Looking back on my time in grad school is a bittersweet feeling. I had a lot of difficulties but I still treasure the hard work and tears (maybe that’s the cognitive dissonance speaking). I thought I’d share with you some wisdom from my time in grad school: the things I wish I would’ve known. If you understand and take seriously some of these things, then maybe you can avoid some of those tears in grad school (literal and/or figurative tears).

 1. Your GRE scores matter A LOT. I didn’t put too much stock in my GRE scores. I bought a study book the summer before my senior year of undergrad and worked on my high school math skills. I took the GRE once and got an incredibly mediocre score. It was pure luck that I got into a PhD-level program. I really regret not taking one of those courses where they teach you the “tricks” to taking the standardized test.

2. Just because you think you’re good at something, doesn’t mean you’ll like it. I wish I would’ve realized this before I went off and decided what I wanted to do with the rest of my life. I just thought, “Oh, I’m good at school, so I’ll go do more school.” I had this approach with getting a teaching job in academia, too. Just because I was good at giving a 50 minute oral presentation, didn’t mean that I would like teaching. If you want to know if you’ll like something, you need to try it first.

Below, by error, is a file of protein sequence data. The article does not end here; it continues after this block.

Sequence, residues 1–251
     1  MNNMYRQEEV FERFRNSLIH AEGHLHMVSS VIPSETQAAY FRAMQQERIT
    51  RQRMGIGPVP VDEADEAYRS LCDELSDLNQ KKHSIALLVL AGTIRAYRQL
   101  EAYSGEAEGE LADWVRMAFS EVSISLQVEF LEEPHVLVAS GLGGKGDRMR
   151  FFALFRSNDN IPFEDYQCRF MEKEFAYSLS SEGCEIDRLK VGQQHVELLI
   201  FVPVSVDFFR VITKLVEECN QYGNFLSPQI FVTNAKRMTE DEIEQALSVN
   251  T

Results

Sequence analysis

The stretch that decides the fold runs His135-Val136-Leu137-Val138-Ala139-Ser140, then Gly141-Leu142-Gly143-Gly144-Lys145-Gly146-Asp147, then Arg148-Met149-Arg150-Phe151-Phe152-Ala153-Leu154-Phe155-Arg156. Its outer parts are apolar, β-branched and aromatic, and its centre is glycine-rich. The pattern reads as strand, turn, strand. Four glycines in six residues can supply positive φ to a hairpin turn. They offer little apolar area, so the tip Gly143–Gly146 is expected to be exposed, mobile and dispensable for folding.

3. Where you go to grad school doesn’t matter as much as who is your advisor. This is important. Your advisor is your lifeline during graduate school, so choose carefully. Just because the school has a good football team, an amazing alumni base, and an awesome rec center doesn’t mean their graduate program is good, too.

4. Student outcomes are a big deal when selecting programs. They now have ways to track graduate programs on student outcomes, which are the stats on students after they have graduated. Check out phds.org for more info. Do their graduates get jobs? Do they work in academia or industry? All these things are important when selecting a grad program.

5. Graduating with a PhD ≠ success in life. Getting a PhD doesn’t automatically put you in the fast lane for winning at life. Being nice to others, developing a social support network, volunteering your time, etc. will certainly help, but ultimately your life success is not contingent upon the degrees you hold.

We’ve all had successes and failures, but remember the failures don’t define who you are. How you adjust because of them is what matters. In my next post, I’ll share some things that I’m glad I did in grad school.



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